Joseph is overwhelmed by the pain of his own absence and the genuineness of his brothers’ loyalty. He bursts out weeping, and this time there is no hiding his tears. His passionate weeping, the scripture says, echoes through the palace — an eruption of pain and possibility so intense that it compels him at last to drop the game and reveal himself: “I am Joseph, your brother, whom you sold into Egypt…” [45:1-2].

Now you might conclude that Joseph was a sentimental fool prone to exaggerated displays of emotion. And maybe he was — no one else but Joseph weeps in this story, and he’s not done weeping yet. When his father Jacob finally comes down from Canaan, Joseph “weep[s] on his neck” a good long while too.

But I think Joseph’s tears are more than sentiment. I think he knows that the sin of human enmity is something that can only be grieved, and never quite fully repaired. He knows that human estrangement is something to be borne, and never quite completely fixed. I think he knows, in the words of another preacher, that with those who hate us and with those whom we despise, with those who have harmed us and those whom we have harmed, we share a single damaged heart, and for this common wound he also weeps. I think he knows that the great tragedy of the refusal to forgive is that at a certain point in that stubborn sustenance of estrangement, all you succeed in doing is erasing yourself from your own on-going history; and because the absence of anyone from a rich human life is unutterably sad — a waste — it is worth weeping over.

I think he knows that you can’t retrieve, relive or reconstruct the past, and you certainly can’t forgive on command. You can only hope, by the grace of God, to test and probe and dare the present to see if you can get a little closer each day to the empathy and regret that make reconciliation and new relationships thinkable — a bit closer to the experience, the knowledge that we are in truth each other’s Josephs, that all our enemies (and those who scare us) are kin in disguise.

So in that hope he also weeps — the hope for joy in solidarity, in eventual reunion, in a holy communion. He knows it is possible: after all: his brothers tried to kill him once upon a time, but now they refuse to sacrifice Benjamin. He knows it is possible, after all: for now somehow he who was their victim is now holding them in his arms.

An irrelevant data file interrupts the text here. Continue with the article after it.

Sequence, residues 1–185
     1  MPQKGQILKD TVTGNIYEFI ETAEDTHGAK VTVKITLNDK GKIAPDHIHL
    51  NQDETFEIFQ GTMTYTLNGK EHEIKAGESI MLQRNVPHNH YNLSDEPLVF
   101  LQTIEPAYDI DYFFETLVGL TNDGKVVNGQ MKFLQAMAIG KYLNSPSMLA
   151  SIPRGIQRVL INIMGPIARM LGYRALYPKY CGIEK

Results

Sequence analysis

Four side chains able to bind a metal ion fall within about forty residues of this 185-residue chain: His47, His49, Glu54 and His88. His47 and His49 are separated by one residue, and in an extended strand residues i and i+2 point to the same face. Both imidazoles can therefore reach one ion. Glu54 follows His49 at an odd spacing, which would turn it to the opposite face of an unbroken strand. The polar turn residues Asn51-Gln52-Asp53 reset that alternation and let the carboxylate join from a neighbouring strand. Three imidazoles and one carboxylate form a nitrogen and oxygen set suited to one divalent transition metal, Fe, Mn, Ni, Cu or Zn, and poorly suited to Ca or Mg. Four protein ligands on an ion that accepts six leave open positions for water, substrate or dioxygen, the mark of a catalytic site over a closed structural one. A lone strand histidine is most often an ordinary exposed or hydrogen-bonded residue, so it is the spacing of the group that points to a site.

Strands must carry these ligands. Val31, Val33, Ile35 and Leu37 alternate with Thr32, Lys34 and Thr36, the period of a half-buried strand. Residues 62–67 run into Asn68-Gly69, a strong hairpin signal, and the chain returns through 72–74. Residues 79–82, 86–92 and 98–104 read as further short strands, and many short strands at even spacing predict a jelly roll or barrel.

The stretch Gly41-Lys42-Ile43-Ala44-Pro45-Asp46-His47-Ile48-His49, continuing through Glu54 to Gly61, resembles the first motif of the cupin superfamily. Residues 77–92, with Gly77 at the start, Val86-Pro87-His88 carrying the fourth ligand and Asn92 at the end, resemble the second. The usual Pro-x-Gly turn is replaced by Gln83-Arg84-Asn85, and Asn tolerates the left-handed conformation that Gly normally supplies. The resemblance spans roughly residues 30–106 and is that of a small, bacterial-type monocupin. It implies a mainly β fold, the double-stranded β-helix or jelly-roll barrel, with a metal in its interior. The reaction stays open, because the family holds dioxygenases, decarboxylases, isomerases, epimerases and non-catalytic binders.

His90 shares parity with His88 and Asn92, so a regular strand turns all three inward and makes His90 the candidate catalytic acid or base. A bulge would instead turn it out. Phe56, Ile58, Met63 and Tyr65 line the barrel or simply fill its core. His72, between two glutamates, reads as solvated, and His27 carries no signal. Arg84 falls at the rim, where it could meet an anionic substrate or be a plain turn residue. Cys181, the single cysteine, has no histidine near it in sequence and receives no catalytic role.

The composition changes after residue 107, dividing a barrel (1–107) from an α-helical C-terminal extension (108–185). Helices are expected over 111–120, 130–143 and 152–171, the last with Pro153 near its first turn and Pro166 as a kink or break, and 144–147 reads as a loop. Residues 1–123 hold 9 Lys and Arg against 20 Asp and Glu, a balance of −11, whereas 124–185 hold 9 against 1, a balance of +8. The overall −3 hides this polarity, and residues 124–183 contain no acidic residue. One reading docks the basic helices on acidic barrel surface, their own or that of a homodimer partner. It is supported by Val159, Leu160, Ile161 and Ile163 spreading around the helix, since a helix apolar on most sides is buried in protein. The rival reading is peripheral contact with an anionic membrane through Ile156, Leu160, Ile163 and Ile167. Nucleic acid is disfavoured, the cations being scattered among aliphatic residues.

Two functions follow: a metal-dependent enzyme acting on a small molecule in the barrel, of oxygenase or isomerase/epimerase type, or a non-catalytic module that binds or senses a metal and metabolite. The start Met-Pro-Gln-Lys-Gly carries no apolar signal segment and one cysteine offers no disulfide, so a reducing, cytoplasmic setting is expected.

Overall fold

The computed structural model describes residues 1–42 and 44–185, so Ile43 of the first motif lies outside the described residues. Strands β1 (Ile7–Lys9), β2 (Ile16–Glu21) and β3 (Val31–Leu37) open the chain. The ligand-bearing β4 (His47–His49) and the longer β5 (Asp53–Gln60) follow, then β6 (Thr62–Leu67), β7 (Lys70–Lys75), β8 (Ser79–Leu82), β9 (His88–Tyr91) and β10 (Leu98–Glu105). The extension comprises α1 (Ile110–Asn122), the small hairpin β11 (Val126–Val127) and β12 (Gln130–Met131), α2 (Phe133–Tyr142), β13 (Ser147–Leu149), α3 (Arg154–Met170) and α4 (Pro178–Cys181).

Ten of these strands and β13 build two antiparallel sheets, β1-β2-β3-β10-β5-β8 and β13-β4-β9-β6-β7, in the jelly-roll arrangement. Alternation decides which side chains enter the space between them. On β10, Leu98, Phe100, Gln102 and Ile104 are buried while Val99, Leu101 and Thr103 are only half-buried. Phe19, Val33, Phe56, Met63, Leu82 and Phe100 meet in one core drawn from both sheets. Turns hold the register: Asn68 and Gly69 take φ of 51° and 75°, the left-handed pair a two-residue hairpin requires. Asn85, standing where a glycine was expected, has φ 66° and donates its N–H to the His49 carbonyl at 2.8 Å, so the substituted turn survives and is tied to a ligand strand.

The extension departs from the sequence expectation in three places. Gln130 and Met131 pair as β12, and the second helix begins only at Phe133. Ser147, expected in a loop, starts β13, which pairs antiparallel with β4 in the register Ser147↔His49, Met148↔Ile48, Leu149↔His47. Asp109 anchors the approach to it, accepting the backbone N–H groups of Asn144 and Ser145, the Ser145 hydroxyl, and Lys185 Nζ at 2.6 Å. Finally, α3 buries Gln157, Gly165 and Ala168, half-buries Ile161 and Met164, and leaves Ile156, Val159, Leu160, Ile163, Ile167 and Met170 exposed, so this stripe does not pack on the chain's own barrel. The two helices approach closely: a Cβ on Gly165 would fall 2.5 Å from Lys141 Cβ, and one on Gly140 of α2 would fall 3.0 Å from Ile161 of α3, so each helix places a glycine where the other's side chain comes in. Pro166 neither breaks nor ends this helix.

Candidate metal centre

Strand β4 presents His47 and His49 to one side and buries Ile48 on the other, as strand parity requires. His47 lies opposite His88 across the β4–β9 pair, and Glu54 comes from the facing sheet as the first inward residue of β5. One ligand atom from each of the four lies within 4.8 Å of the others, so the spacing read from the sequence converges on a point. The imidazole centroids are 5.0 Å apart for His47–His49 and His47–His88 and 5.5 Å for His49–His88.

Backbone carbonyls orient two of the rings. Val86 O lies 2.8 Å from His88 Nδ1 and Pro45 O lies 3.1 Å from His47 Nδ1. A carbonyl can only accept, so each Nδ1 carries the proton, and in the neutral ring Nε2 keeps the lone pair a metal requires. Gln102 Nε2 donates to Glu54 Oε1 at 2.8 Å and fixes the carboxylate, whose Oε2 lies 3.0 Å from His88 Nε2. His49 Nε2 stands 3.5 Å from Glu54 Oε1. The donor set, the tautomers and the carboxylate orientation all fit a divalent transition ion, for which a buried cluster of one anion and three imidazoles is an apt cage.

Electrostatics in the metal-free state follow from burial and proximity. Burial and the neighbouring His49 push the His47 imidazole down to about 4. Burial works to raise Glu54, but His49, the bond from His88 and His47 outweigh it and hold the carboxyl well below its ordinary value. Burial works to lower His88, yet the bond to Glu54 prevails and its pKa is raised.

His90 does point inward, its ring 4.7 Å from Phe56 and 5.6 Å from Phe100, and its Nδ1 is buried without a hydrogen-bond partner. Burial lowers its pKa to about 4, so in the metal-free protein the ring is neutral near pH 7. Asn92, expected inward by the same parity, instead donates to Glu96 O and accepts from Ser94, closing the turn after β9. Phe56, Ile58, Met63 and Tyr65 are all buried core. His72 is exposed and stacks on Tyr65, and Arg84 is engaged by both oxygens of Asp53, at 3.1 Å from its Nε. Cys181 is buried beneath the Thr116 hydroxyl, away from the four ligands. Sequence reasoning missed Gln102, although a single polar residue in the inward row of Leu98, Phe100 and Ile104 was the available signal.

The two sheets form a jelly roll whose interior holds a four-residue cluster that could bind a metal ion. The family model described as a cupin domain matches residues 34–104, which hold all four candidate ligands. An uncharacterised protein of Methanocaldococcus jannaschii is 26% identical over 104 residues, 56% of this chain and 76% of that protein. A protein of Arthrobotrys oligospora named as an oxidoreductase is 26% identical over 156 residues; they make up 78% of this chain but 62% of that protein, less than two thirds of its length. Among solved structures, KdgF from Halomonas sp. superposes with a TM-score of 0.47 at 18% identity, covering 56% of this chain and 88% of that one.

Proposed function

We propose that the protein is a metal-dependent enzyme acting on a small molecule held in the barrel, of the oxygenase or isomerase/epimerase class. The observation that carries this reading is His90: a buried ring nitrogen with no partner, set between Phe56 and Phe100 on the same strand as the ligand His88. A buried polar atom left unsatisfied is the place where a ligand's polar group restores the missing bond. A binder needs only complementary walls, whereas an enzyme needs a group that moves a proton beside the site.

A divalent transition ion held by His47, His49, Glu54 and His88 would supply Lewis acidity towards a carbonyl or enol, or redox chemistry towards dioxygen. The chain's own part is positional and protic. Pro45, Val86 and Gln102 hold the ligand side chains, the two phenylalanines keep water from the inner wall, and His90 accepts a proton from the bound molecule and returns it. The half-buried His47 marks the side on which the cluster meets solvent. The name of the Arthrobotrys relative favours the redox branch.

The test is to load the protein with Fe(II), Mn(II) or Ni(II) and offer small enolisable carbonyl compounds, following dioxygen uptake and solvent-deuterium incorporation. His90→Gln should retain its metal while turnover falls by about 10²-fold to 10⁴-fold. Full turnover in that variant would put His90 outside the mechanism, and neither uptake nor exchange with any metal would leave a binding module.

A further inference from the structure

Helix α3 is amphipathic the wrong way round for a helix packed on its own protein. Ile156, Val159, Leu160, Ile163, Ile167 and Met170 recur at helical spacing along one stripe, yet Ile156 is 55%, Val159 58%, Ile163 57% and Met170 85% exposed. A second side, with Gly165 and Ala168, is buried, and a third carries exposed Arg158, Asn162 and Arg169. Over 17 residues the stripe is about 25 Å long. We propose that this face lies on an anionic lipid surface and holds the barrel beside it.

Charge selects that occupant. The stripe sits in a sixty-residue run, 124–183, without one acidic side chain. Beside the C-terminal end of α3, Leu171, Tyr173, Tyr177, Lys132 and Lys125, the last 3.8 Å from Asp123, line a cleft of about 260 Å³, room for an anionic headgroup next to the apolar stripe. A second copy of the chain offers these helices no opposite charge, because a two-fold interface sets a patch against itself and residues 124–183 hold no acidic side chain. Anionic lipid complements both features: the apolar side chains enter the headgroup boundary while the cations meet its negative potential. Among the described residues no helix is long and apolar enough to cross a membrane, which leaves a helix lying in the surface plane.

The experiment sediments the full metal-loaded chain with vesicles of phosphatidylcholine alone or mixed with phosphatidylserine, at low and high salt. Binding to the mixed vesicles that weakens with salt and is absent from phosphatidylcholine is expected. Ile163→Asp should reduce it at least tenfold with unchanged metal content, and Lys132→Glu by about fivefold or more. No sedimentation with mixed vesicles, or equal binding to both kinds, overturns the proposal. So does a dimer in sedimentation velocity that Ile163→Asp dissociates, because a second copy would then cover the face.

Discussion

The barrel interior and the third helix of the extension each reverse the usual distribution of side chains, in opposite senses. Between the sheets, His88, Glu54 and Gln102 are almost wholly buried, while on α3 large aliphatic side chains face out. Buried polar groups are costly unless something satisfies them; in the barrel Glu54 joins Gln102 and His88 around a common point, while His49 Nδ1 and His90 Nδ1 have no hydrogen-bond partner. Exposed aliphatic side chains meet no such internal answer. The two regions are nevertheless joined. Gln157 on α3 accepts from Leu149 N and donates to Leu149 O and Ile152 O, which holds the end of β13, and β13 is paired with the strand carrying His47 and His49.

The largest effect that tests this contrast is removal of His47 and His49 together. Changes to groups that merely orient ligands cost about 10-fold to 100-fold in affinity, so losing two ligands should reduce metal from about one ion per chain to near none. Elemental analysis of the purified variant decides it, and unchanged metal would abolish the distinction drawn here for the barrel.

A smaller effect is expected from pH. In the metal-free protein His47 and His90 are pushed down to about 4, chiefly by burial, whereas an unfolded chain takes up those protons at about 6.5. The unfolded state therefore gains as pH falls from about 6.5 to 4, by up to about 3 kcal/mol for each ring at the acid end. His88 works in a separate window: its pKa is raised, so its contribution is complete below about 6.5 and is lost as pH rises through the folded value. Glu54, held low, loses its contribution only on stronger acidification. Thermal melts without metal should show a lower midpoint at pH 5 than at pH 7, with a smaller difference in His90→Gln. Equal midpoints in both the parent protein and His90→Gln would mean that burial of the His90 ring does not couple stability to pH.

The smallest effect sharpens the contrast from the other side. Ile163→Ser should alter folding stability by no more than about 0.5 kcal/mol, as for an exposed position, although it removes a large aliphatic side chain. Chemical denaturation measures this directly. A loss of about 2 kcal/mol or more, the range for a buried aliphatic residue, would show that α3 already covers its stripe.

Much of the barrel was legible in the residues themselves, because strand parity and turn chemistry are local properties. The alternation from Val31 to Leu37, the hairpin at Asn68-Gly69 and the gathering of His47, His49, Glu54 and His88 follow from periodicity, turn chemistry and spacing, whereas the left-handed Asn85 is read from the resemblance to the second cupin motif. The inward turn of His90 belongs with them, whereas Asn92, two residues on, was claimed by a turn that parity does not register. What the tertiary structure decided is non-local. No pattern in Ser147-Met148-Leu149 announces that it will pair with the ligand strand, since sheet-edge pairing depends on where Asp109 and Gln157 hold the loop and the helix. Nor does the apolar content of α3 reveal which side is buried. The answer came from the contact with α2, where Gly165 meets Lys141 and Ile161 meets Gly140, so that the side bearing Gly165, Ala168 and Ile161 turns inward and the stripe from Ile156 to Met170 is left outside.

Today we baptized Oliver Magnus. What did we do for him? We passed him through water into a Company of Forgiveness. We wet him down with tears — God’s ancient tears, the same ones Joseph shed over his brothers, the same tears Jesus wept over us — and ushered him into a Way of Reconciliation.

Now, we know he didn’t need those tears of mercy today, didn’t need to be wept over. So far he hasn’t hated anyone, started a fight or a war, or decided he’s more righteous than the rest of us and treated us that way. He doesn’t have any siblings he can throw into a dry cistern (although there is a pesky cat in the apartment…).

But even if it’s hard to imagine him sinning today, he will need these tears some day, for sure. We all sin, there’s no reason to think he won’t end up sinning too.

So what we did for him today was to give him the best defense and the best offense we have found. Led by the Spirit, the church has for centuries collected the copious tears of God’s grieving over our alienation and aimlessness; God’s tears of regret for our foolishness and anger, our need to kill (in one form or another) to protect our own lives and the life of our tribe; God’s tears of hope for our turnaround, and God’s tears of joy at our homecoming — the tears that bathe our wounds and water our growth and enliven our pleasure and refresh our loves; the tears we too learn to shed for others, whether they belong to our tribe or sojourn in foreign places. We collected tears in this cistern (which can never dry up) and plunged this baby boy down in it, bathed him deep.

He is drenched now, and sealed: no matter what he ends up doing, where he wanders or is carried off to, God’s tears can find him, reach him, wet him down again and again. God will never lose him or let him lose himself. He is entrusted to us, too, who are likewise bathed and sealed and are wept over daily. We are each other’s kin now, now and always, God hanging on our necks and weeping tears of love, pure love, always love, nothing but love for us all.

God bless you, Oliver Magnus. We are Joseph, your siblings. Don’t be afraid. All will always be forgiven: Welcome home.